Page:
FAYETTEVILLE — In an effort to encourage development in Fayette County, Commissioner Tom Louisos announced in a press release earlier this month his intention of introducing motions to amend and remove the Route 19 Corridor Management Plan from the county’s comprehensive plan.
“The U.S. Route 19 Corridor Management Plan is the only one of its kind in the state of West Virginia and was added to the Fayette County Unified Development Code, which is one of only seven of the 55 counties in the state of West Virginia,” Louisos said in the release.
“In my opinion, this is the main reason most of the development has gone to other counties, pushing development to Raleigh and Nicholas counties.”
Louisos expressed his intention to introduce his motion at last week's commission meeting, and it brought out supporters and opponents to the virtual Zoom meeting.
After being ceded the floor for his motions, Louisos said, “Before I make any motions or anything, does anyone have any questions?”
The county’s two other commissioners questioned the necessity of such action now, in the middle of the Covid-19 pandemic.
“The complete plan will be under review for upgrade in the May to June time period,” pointed out Commissioner John Brenemen. “We will be moving, going throughout the entire county getting input on redefining the current plan.”
The county is operating under a comprehensive plan adopted in December 2001 and state code requires the update of that plan in 2021.
Denise Scalph, commission president, agreed with Brenemen.
“I understand there is a process for this particular plan. … I personally would like to have the opportunity to hear from people throughout the county. As Commissioner Brenemen stated, those updates … would happen, I believe, starting at the beginning of the year,” she said.
“Why can’t we wait and do that during the process when we can have more people involved? This is the end of 2020. We’re addressing it in 2021. What is the advantage of pushing this through right now,” Scalph asked.
Louisos’ reply was succinct.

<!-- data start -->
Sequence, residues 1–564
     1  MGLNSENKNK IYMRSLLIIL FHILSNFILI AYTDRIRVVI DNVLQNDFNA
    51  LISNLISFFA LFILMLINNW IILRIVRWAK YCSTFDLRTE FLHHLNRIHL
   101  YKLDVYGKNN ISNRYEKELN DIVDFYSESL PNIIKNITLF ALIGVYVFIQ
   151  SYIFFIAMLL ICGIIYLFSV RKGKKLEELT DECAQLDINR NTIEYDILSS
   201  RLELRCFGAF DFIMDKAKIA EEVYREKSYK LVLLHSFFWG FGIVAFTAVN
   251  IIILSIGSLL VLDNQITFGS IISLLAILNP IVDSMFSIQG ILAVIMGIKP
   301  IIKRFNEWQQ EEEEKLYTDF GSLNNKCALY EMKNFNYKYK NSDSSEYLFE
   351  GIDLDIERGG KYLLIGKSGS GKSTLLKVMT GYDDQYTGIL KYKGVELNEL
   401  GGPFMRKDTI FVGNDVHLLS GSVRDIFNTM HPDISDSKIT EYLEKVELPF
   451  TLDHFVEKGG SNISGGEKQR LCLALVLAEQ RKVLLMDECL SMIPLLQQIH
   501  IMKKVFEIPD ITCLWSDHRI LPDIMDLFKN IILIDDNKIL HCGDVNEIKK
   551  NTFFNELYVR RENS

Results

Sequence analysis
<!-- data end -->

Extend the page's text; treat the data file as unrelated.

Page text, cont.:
“To get a jump start on it,” he said.
“You’re going to start a process that’s going to be taken care of anyway in a couple of months with the proper input from the public,” Scalph pointed out.
Brenemen added that scheduling community meetings, public hearings and the like would be difficult at this time because of the pandemic. “I don’t think the Health Department will allow us to” hold large meetings, he said.
In order for members of the public to be able to comment, Scalph asked for Louisos to make his motion and Brenemen seconded the motion to amend the corridor management plan in order to allow for public discussion.
A number of those virtually attending the meeting asked to address the subject and others commented in the Zoom chat.
Most weighing in on the topic expressed their opposition to any immediate action on the plan, including Lizzie Watts, superintendent of the New River Gorge National River.
“(The comprehensive plan that is in place) was started about the same time the park was very young. I think it deserves all kinds of attention, (but not) this decision you’re going to make and changing it on a whim,” she said.
“As far as the Park Service (is concerned), we are at that point where greenspace has become even more important.
“We have three of the most unique parks in the world and protecting that viewshed of what you see in Fayette County (is vital). To rush it through, I think, is really a dangerous move. … You can’t take one part of a comprehensive plan and just throw it away.
“I’m not against business at all, (but) I think it’s important that we use the process, look at it constructively and in the long-term range,” Watts said.
Mayor Sharon Cruikshank of Fayetteville agreed on the timing issue, but said she wasn’t against updating the plan.
“How is this going to further develop our area,” she asked. “I am opposed to doing away with the plan, but would be in favor of modifying, but it all needs to be done with public hearings.